Live: Lucky Dragons and Pauline Oliveros Spend Saturday at the Stone


In a Fader TV spot from last June, Luke Fischbeck of Lucky Dragons mentioned that “The last two shows I played in New York, I’d hand somebody a rock and they’d say ‘Oh no no, not for me,’ and I’d be like, ‘It’s just a rock.'” Maybe you’ve been in this situation: A skinny, clear-eyed androgyne hands you a rock, and you are supposed to surrender to the tide of creativity welling inside your heart. So you get the bell or the rock or whatever it is and you make some quiet gesture with it. When you realize nobody has made fun of you, you do it again, louder. Then you look next to you and see that actually, someone else has a bell or a rock, and they’re making some gesture with it too, and they’re smiling.

This rock-in-hand situation is something visitors at saxophonist John Zorn’s Lower East Side venue the Stone have probably come to expect. At the Stone, there is one hour-long set at 8. It costs $10. There is another hour-long set, with completely different musicians, that starts at 10. This also costs $10. You can go to one or both or neither. “Primarily, I wanted to bring new artists there,” says guitarist Grey Gersten, curator of the May calendar. “But I also wanted to bridge some of what’s happening in the Brooklyn underground scene with the scene in Manhattan.” It’s a divide — between young, punk-weaned audiences following Todd P and Pitchfork-approved “avant-garde” musicians, and the older, almost consecrated circle around a downtown Manhattan performer like John Zorn — that can feel vast. “I wanted to create nights where people would want to stay for both sets, or where people could be turned onto new things,” adds Gersten, whose ambitions led to juxtaposing musicians who have aesthetic similarities but different fan bases, like Saturday night’s Lucky Dragons / Pauline Oliveros double bill. “A lot of people might not know Lucky Dragons, but will know Pauline Oliveros, and vice versa. Even though their audiences are really different, the music has a lot in common.”

Take my father, who, at nearly 60, is an inspiringly broad-minded listener but basically prefers the Beatles in almost every scenario. A group like Lucky Dragons — two wispy Californians who produce twitchy, quasi-religious music from live loops of small, acoustic instruments — represent everything he has no tolerance for in public performance: Drones, bells, plinks, clanks, murmurs, hums and wonder, but not a lot of middle eights or direction. Their music sounds nothing like the Beatles’. We get to the point in the group’s set where Luke and Sara — the Dragons — hand out these snaking cables wrapped in rainbows of yarn, with exposed wire at the end. These are hooked up to a laptop, which, in a kind of basic sorcery I don’t understand in the slightest, generate sound if the person holding the wire is touched by a person holding another wire.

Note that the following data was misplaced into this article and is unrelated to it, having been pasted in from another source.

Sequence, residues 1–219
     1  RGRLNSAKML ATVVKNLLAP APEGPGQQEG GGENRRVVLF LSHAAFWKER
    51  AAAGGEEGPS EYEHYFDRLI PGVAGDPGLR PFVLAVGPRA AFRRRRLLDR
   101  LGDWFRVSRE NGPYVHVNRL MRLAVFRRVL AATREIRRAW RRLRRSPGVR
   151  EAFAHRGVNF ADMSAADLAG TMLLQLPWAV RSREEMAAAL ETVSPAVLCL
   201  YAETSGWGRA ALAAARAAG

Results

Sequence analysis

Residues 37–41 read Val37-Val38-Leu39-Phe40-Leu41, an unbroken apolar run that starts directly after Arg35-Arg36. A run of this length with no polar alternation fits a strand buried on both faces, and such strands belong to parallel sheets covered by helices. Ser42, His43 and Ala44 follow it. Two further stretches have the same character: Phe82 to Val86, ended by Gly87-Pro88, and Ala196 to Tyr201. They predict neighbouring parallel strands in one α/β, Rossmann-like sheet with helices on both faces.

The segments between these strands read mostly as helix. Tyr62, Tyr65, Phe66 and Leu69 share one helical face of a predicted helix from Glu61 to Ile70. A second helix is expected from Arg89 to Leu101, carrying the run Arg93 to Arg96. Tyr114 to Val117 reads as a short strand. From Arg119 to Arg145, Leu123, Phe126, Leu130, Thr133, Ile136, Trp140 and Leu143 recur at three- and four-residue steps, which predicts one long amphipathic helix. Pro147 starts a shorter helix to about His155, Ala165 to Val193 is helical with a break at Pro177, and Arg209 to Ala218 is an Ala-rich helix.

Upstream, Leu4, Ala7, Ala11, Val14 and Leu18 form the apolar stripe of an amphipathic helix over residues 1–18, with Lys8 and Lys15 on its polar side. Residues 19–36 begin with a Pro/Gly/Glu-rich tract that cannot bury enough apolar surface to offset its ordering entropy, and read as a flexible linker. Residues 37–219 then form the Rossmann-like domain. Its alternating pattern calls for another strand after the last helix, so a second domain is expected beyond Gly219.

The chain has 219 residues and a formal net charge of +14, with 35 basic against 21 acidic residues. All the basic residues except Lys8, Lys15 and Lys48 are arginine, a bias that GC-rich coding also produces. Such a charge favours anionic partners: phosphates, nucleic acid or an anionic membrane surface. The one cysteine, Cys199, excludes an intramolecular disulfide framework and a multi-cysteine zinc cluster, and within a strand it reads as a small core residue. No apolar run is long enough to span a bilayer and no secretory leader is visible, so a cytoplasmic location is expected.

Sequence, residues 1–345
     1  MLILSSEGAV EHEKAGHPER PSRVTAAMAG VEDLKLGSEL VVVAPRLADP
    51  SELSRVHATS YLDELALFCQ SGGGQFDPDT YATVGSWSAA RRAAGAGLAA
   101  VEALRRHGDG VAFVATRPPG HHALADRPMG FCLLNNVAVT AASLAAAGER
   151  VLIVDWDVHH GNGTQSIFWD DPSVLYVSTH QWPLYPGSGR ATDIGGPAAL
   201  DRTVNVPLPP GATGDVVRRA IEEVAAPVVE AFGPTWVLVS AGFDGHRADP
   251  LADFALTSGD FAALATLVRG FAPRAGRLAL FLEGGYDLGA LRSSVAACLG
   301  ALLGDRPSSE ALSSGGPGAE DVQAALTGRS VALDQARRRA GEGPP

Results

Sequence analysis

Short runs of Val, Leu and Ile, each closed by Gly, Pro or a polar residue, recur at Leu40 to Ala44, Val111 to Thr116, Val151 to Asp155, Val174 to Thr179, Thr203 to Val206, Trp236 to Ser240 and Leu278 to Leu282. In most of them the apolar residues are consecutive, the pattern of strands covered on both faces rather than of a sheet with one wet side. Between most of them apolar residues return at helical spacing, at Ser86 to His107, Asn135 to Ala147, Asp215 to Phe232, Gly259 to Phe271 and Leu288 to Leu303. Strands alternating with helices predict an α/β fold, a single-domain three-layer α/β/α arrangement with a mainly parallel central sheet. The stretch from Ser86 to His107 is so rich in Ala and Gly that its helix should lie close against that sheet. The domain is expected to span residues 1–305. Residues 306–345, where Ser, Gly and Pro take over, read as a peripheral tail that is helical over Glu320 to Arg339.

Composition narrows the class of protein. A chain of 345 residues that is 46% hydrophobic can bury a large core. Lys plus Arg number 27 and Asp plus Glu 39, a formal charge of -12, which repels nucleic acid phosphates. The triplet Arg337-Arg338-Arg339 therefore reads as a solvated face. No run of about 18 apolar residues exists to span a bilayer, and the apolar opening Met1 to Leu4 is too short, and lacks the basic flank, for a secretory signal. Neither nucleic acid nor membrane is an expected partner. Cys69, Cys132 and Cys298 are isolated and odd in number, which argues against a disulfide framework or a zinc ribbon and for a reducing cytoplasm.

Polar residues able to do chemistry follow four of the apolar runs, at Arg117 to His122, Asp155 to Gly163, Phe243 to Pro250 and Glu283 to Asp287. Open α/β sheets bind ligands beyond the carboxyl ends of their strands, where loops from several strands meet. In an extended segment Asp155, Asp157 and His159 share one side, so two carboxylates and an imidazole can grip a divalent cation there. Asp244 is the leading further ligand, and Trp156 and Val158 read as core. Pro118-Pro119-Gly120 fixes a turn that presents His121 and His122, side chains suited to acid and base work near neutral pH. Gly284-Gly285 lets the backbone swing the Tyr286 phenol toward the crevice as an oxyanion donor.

So what we have here is a bunch of people holding multi-colored wires and touching each other. Naturally, I’m worried that my father is going to spend the rest of the night wandering around Manhattan wondering where he went wrong with me, but he didn’t. “A few minutes in, I realized I could either sit there hating it or just go with it,” he told me later. “And I went with it. And you know? I’m really glad. Thanks for having me out, son.”

Dad leaves, and I stay for the 77-year-old composer and accordionist Pauline Oliveros. Oliveros’s music tends toward the meditative and hushed — the breath of an accordion; recordings made in large, reverberant spaces; drones. She’s been playing her instrument so long that it really does sound like an appendage: no wheezes or stutters; long, smooth tails on every note. She switches to playing two iPhone apps. One simulates a struti box, an Indian drone tool; the other is a kind of dulcimer sound. I don’t know that the music was particularly innovative, but it was effective — the audience nodded, sighed, and slipped away for an hour, left with nothing to remember. I only snapped out of whatever you want to call that particular mental state when I heard “A Milli” playing in the street outside. Oliveros’s stage banter wasn’t exactly funny, but one aside — about the astrological perils of Mercury in retrograde — could’ve summed up the entire night: “Now, some of you will know just what I’m talking about and others of you will think it was silly, but I think it’s important.” Me too.

Grey Gersten curates at the Stone through the end of May.